In the course of mastering a record, the obvious first step is to listen to the record, and listen to the client talk about the record in order to decide what, if anything, needs to be done to change it.
The 'what' in that sentence can include many things:
- adjusting relative volume
- adjusting absolute volume overall
- deploying dsp based processing (eq, compression, reverb, etc)
- deploying analog processing including solid state and tube based amplifiers
and then there's the more obscure tool such as running the audio through an analog tape record/play pass. This particular technique is something that has a reputation for being something like the 'Holy Grail' of audio in some circles. You'll see it played out in the marketing literature of modern audio systems that include tape simulations. Something like "that vintage tape sound" or "that professional sound you get from tape" will appear that seeks to glorify the process and imbue it with a sense of desirability such that 'if you do this you will undoubtedly elevate and improve your recording'.
It's hard to imagine resisting such a tool. Just turn it on and something good happens? Bartender make mine a double!
OK, ok, so once we come to our senses it's worth thinking about what tape does to audio. The short of it, in a word, is it creates non-linearity. It changes things. OBviously it adds noise (hiss) that is generated at the record 'head'. A small bit of distortion is added as a result of the process. It also changes the dynamic range, especially in the peaks as the signal applied to tape increases in level. The peaks are restricted, 'rolled off' if you will, as the level gets hotter and hotter. The frequency response changes. Tape machines do not record perfectly 'flat' from 20 Hz to 20kHz. If you chart the frequency response of a tape machine you will notice slight deviations from 'flat' of about 1/2 dB in a great machine and more in a good machine. A particularly noteworthy area where non-linearity occurs is in the bass.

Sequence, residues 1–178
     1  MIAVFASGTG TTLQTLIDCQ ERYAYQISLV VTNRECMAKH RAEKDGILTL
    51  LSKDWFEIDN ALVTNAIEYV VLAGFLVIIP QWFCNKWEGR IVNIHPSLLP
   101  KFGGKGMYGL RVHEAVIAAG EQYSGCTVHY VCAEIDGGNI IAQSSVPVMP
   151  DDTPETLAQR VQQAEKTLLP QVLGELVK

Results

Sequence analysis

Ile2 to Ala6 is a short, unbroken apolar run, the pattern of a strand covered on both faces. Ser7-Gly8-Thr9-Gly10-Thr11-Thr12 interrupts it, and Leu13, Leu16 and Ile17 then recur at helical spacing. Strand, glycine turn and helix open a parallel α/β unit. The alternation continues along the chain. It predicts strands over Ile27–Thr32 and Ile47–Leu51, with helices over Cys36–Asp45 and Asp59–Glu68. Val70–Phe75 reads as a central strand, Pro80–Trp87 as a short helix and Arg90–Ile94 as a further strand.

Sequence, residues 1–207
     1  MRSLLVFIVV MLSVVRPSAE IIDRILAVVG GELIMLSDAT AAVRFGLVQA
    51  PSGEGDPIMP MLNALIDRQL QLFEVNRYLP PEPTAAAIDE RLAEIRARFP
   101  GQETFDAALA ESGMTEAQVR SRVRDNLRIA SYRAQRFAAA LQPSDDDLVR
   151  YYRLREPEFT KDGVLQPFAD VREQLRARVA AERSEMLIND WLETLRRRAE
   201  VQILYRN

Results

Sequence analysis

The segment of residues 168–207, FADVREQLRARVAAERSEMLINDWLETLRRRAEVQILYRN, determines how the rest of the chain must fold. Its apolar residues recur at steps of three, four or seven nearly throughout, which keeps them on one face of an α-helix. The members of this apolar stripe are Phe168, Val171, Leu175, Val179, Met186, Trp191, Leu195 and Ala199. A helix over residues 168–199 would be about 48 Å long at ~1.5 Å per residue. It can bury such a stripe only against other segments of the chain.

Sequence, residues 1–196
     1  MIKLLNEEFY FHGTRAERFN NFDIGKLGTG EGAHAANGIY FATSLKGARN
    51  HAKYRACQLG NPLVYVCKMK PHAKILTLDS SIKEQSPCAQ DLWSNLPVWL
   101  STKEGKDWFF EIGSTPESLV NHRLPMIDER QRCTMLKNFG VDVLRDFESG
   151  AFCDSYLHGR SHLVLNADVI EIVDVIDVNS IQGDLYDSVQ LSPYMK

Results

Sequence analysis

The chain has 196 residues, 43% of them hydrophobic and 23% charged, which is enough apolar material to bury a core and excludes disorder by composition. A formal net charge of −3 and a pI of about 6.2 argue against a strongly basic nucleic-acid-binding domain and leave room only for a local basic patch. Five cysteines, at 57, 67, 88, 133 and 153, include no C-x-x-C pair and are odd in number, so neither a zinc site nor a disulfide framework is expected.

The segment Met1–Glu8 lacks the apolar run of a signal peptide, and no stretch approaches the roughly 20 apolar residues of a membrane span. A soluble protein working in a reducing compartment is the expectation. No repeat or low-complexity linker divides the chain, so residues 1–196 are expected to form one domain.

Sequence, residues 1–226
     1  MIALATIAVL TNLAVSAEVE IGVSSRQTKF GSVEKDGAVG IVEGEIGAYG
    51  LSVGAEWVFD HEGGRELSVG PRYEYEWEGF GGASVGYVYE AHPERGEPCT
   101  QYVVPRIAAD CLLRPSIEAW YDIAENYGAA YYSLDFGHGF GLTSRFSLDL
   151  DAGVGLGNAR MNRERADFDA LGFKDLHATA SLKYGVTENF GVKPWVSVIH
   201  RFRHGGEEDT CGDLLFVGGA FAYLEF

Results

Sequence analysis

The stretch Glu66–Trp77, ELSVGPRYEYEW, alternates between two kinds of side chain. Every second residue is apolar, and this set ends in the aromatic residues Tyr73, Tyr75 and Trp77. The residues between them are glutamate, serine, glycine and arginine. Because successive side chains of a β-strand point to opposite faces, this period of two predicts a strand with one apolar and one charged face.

There's a phenomenon called the 'head-bump' which refers to a resonant frequency of the record head itself. It will add emphasis in the bass and interestingly, the emphasis will change with tape speed. At 30 inches per second, usually this head bump is around 50 HZ. At 15 ips it is around 25 (1/2. Below this resonant peak the tape machine will roll off bass very steeply, almost like a high pass filter.
So enough tech talk. Suffice it to say that the process changes the sound substantially. So, let's say you have a mix you are REALLY happy with. Do the changes I mentioned above sound appealing? I hardly think so. Creating a bump in the bass, adding noise (and thereby losing reverb and imaging) and losing transients are going to change your mix in a way that is hard to control. These changes are not a panacea.
However....if your mix is too bright and spiky, lacking in bass 'punch' and definition, already 'noisy' in a way that a little noise added won't be a problem....then maybe tape is the way to go.
That's what happened last week when I mastered a project. Tape saved the day, adding desirable tonal color and compression in one fell swoop in a way that I couldn't have achieved any other way....maybe the ads should read -
"Tape might be the perfect mastering solution when your mixes are not"......
PS - in case it's not obvious, the piece above is written in the context of mastering. When considering recording or mixing where you can adjust, react to and minimize the sonic impact of tape, the choices and decisions might be different.